Cornet vs Flugel...

Discussion in 'Trumpet Discussion' started by geetarman, Oct 31, 2014.

  1. geetarman

    geetarman New Friend

    Dec 28, 2013
    Hi, all.

    I have a question for the forum here...
    At what point does a cornet stop being a cornet and start into flugel dimensions?
    If the length of the pipe is the same, and bore size is variable....
    aside from the mouthpiece, is there any real difference?
  2. mgcoleman

    mgcoleman Mezzo Forte User

    Jun 22, 2010
    You can probably find any number of tubing variations that cloud the waters, but I think the biggest difference is bell flare and size.

    On a lighter and less relevant note, cornet players are cooler and don't wear overly baggy pants.
  3. Sethoflagos

    Sethoflagos Utimate User

    Aug 7, 2013
    Lagos, Nigeria
    The bugle family (flugels, euphs, tubas) are defined by (as close as feasible) a conical bore that increases in diameter at a constant rate along its length (think ice cream cone).

    Cornets increase bore with a slow taper at first with the taper becoming gradually steeper.

    Trumpets have an even slower taper incorporating a fair bit of cylindrical tubing.
  4. Cornyandy

    Cornyandy Fortissimo User

    Jan 9, 2010
    East Yorkshire
  5. rowuk

    rowuk Moderator Staff Member

    Jun 18, 2006
    If you look how cornets are built and how flugels are built, you will see very little in common. The flugel has a short mouthpipe, very large bell and a large wrap with no "sharp" corners. A cornet has a very long mouthpipe is wrapped much tighter and is much more extensively braced. There is no gradual slide from cornet to flugel. The playing characteristics are completely different. There never is any confusion for those that play them.

    I find the flugel has very low "focus" of tone. The cornet to me is the most elegant of brass instruments. It is a true soprano instrument, has character and grace, is extremely well suited for just about anything technical. It has none of the "ugliness" or brashness of a trumpet. It has very good focus to the tone. A true DIVA.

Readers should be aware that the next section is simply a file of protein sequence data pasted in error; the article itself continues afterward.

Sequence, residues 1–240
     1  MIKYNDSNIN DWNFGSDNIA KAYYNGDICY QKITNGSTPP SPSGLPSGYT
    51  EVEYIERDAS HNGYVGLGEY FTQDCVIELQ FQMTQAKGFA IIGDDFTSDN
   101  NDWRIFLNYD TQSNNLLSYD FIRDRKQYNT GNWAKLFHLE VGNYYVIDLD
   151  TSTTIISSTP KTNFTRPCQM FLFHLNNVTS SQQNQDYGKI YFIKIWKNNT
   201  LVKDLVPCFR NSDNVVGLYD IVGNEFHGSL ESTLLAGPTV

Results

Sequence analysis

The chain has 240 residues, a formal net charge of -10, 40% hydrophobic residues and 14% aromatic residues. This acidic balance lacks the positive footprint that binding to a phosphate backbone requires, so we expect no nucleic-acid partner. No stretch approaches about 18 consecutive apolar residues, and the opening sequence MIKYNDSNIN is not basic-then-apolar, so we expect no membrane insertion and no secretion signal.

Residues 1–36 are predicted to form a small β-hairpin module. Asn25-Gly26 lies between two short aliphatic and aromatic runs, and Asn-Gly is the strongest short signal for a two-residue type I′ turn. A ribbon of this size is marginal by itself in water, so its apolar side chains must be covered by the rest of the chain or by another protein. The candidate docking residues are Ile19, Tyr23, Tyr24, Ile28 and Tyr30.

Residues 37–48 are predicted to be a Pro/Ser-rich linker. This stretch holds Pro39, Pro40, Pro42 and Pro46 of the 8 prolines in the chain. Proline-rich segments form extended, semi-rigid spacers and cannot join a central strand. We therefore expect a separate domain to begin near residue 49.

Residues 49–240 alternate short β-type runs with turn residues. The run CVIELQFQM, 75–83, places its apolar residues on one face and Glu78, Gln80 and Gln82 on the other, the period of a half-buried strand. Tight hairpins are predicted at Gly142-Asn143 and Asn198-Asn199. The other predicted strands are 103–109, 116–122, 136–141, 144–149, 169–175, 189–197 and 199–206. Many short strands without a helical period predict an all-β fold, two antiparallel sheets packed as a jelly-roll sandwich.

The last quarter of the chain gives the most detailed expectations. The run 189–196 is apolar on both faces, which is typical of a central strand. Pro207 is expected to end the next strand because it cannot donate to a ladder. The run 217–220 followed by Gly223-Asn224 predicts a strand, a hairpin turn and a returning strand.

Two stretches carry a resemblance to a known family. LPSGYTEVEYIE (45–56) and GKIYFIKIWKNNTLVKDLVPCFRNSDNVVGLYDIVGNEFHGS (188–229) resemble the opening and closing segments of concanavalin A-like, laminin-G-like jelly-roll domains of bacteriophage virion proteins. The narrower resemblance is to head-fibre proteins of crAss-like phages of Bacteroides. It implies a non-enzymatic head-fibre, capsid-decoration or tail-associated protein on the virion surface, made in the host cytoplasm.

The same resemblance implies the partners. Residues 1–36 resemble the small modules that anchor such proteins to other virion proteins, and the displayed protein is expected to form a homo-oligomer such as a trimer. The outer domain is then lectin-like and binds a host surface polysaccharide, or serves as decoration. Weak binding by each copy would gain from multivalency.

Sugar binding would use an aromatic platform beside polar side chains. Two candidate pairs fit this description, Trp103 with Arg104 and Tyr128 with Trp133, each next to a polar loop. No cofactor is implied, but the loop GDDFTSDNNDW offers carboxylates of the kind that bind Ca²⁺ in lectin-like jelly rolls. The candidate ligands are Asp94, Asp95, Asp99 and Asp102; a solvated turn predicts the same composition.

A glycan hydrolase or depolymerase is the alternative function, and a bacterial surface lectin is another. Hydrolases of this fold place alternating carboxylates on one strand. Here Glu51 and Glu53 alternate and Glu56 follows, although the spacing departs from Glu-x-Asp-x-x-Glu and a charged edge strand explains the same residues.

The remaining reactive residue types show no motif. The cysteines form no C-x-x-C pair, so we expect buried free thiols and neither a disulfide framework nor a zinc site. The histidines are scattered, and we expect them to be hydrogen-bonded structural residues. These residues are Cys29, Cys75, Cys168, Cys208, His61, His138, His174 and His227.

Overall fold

6. Franklin D

    Franklin D Forte User

    May 23, 2009
    The Netherlands
    Hmmm I have great respect for Rowuk, BUT...

    I agree completely with the first part of his post about the differences between the flugel and the cornet.
    And I agree with the first part of the second statement, the low focus of tone of a flugel, reason enough for me to sell my Jupiter 846 and my Adams F1 flugels without ever looking back.
    But though I have 4 cornets and play them with some regularity (only for fun) I have to disagree with his hymn on the cornet, not because he is wrong but because of my love for the trumpet.
    I pamper the attitude of Chris Botti that one is not in need of a flugel because the same things are possible on a trumpet only if one is willing to invest the time and willingness.
    Same for the cornet and yes I love sometimes to play my 36A or 80A with a Curry BBC and enjoy the flexibility and sound but at the same time I love my trumpets more and will do anything to get rid of the "ugliness" and the "brashness" of the trumpet, mainly because I love the more powerful impact of the trumpet sound.

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